Use less detergent in your dishwasher, says Alina Tugend in the New York Times: You'll save money now, and later.
According to her chats with several dishwasher and washing machine repair people and experts, we are not just using too much detergent: we are using "10 to 15 times the amount of soap" necessary to get the job done. You read that right: we could all cut our dishwashing liquid and laundry soap budgets by 90%.
Today's laundry and dish washing machines are efficient, using very little water compared to earlier models. Today's detergents are concentrated, meant to fit lots of "loads" into one bottle or box, save packaging and clean productively. Vernon Schmidt, author of the self-published book "Appliance Handbook for Women: Simple Enough Even a Man Can Understand," tells Tugend, "Nobody thinks they use too much soap... but they're pouring money down the drain."
I know what you're thinking: you're sure you're not one of those soap-wasters. You only use two capfuls -- after all, those kids' clothes are really dirty (oh my goodness the diaper accidents! the nighttime misfires!) so you can't possibly be using more than two or three times as much as you need. (I'm starting to feel guilty now: you?) While the cap sizes and little scoops are, according to a Procter & Gamble spokeswoman, carefully calibrated based on research of thousands of loads of laundry, aren't you just the teeniest little bit suspicious that the detergent companies may want us to use more than we need?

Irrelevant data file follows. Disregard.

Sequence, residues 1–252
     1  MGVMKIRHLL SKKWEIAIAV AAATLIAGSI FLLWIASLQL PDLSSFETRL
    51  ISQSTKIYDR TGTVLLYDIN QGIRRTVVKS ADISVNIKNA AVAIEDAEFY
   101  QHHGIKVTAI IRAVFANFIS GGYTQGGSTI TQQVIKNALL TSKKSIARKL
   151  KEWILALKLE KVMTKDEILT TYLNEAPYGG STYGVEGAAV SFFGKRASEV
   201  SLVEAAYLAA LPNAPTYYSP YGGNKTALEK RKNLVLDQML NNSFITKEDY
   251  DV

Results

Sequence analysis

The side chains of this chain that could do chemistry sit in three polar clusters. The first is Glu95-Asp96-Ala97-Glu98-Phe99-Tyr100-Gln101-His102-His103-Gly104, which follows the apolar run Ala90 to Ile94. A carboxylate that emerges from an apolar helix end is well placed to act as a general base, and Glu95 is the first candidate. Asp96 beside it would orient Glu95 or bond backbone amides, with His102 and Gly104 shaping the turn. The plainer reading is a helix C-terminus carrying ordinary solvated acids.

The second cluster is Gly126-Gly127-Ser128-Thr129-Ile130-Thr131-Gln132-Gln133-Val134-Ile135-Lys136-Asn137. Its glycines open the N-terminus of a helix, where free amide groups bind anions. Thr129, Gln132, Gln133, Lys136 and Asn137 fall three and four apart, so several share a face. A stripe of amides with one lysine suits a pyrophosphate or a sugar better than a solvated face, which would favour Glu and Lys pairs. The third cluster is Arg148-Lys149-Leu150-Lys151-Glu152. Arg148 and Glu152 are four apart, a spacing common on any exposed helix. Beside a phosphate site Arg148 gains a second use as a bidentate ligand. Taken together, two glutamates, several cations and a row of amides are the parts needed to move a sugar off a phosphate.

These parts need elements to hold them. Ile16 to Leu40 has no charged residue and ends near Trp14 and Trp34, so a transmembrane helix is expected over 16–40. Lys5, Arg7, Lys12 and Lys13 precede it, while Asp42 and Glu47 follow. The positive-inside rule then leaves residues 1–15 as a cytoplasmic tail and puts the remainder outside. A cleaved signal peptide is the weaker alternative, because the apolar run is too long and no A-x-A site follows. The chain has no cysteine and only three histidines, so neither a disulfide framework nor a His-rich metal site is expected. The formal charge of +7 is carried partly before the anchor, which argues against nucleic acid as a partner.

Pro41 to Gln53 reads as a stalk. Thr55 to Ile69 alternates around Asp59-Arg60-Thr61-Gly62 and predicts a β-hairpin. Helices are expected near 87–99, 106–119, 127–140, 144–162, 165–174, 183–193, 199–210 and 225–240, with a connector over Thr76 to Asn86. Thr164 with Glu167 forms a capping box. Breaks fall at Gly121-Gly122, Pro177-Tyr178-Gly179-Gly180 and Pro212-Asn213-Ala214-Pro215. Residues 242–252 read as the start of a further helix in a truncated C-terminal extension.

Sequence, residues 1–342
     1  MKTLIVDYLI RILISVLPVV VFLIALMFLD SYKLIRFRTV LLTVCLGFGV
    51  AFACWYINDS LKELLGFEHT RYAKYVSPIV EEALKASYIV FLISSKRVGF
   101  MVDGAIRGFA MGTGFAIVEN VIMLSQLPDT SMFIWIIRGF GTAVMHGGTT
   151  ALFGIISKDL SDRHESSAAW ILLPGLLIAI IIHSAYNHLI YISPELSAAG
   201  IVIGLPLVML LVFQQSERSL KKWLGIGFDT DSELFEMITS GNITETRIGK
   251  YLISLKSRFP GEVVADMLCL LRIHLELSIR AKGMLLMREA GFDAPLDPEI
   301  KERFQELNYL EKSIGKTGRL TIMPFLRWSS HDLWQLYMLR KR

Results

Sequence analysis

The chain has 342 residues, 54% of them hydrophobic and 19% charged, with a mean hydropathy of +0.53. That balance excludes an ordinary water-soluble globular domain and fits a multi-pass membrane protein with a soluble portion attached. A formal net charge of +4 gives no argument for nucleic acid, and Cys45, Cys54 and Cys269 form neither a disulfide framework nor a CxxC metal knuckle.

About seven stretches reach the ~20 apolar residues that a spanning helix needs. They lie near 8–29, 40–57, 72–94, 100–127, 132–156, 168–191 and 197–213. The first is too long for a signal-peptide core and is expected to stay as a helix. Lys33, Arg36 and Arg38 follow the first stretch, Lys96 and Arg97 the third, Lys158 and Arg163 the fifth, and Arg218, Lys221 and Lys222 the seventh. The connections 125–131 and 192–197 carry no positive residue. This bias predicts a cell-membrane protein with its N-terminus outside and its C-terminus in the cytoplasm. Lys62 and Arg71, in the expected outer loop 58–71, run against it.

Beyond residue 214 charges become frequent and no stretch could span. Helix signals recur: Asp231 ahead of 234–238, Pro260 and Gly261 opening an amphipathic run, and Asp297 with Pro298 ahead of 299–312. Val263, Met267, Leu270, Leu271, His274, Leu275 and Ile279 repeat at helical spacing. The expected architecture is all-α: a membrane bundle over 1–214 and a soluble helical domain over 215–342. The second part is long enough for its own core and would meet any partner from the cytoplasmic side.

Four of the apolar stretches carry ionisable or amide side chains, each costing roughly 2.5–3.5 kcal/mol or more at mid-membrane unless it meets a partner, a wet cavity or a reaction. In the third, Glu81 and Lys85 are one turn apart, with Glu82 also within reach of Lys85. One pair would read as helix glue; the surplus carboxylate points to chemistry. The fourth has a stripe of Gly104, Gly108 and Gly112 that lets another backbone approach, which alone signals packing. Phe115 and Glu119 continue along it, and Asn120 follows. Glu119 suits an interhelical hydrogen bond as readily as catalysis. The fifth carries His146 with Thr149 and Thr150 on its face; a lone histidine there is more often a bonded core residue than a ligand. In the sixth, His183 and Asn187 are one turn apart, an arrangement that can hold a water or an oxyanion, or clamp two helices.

Schmidt surely is. First: he says that, depending on how hard or soft your water is, you can get by with one-eighth to one-half of what's recommended by your laundry and dishwashing detergent package. Those with especially hard water might need half; those with normal or somewhat soft water can get by with far less.
Second: we have an obsession with suds, and we (I'm looking at my husband here) continue to believe that no suds means no clean. Not true! A spokeswoman for an appliance manufacturers' trade group says that you shouldn't see suds swishing around in the window of your front-loading machine. Too much soap makes clothes stiff, glassware filmy and appliances' life shorter.
The more soap we use, the sooner our appliances will need repairing and the more wear and tear they'll get. Some consumers who overuse soap then have to run the clothes and dishes through again (and again, and again) to remove the film, costing money and unnecessarily taxing the environment.
Tugend goes on to provide helpful hints for loading the dishwasher (don't scrape too much, put the dirtiest side of the dishes toward the center) and using the dryer, but I'm sitting here feeling enough reproachment over my wasteful detergent use to last me for many, many loads.
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